“Syria: Please Don’t Forget Us” also is a pointed critique of the regime led by Syrian President Bashar al-Assad, which is an accomplice to the ravaging of the nation and the disappearance of countless of dissidents and ordinary civilians into a network of clandestine prisons and torture houses. It sits alongside another installation on Syria featuring the photography of a former Syrian military police photographer, whose images show how detainees were maimed, their eyes gouged out and limbs gored.
“So many people go through this museum and wonder, ‘What would I have done if I was living in 1930s Germany,’ ” Cameron Hudson, director of the museum’s Simon-Skjodt Center for the Prevention of Genocide, told Today’s WorldView. “What we want them to think is, ‘I’m living in 2017, and this stuff is going on around me.’ ” [Continue reading…]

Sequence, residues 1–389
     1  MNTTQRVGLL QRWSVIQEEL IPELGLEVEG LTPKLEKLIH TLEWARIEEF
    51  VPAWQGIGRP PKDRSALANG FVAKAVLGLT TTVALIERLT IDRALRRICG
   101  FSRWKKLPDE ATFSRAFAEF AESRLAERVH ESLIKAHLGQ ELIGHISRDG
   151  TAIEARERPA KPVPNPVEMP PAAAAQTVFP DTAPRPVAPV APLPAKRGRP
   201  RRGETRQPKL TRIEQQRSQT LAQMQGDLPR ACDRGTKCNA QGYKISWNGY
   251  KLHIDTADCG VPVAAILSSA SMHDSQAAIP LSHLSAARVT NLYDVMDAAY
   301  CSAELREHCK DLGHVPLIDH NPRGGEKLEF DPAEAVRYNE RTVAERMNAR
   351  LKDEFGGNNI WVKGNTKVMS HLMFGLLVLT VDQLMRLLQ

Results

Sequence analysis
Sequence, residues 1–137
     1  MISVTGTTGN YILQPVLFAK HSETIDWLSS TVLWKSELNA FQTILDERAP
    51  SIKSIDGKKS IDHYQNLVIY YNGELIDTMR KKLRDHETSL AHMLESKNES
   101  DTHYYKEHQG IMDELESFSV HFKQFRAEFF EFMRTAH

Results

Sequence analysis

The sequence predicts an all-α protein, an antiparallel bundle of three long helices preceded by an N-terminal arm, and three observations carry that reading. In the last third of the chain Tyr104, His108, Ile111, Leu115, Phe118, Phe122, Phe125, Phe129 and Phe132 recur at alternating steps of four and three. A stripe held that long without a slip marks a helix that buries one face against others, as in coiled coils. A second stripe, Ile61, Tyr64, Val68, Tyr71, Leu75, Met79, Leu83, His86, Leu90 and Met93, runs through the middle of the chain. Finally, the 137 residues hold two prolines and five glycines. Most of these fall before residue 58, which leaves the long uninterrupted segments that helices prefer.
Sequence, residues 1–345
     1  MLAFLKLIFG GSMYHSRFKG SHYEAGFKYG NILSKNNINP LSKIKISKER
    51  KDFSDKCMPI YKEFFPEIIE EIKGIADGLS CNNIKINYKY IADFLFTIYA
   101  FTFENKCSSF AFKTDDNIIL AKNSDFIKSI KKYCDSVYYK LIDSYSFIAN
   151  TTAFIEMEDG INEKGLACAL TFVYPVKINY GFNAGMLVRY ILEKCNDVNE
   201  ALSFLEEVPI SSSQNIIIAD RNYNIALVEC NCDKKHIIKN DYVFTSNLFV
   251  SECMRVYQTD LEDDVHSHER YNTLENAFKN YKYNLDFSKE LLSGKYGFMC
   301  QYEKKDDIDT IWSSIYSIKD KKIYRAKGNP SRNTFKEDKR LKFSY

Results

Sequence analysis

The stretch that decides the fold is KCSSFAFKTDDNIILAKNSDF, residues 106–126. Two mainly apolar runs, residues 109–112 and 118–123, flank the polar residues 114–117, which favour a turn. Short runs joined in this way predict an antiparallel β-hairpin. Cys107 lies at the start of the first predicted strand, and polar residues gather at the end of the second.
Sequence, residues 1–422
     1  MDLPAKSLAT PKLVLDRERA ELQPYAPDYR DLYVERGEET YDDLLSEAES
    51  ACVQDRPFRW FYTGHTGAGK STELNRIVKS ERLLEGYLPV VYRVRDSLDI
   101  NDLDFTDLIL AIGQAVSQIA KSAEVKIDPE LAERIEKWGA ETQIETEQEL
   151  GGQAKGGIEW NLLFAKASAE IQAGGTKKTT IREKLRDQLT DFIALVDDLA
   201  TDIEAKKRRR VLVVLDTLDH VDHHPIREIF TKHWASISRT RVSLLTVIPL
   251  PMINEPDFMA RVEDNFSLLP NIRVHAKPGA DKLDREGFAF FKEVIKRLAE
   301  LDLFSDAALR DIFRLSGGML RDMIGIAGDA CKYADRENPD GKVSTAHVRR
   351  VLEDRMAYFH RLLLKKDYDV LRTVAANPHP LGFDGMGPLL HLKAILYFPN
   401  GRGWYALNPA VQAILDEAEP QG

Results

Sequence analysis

The Intercept reports: The Trump administration is considering a set of proposals developed by Blackwater founder Erik Prince and a retired CIA officer — with assistance from Oliver North, a key figure in the Iran-Contra scandal — to provide CIA Director Mike Pompeo and the White House with a global, private spy network that would circumvent official U.S. intelligence agencies, according to several current and former U.S. intelligence officials and others familiar with the proposals. The sources say the plans have been pitched to the White House as a means of countering “deep state” enemies in the intelligence community seeking to undermine Trump’s presidency.
The creation of such a program raises the possibility that the effort would be used to create an intelligence apparatus to justify the Trump administration’s political agenda.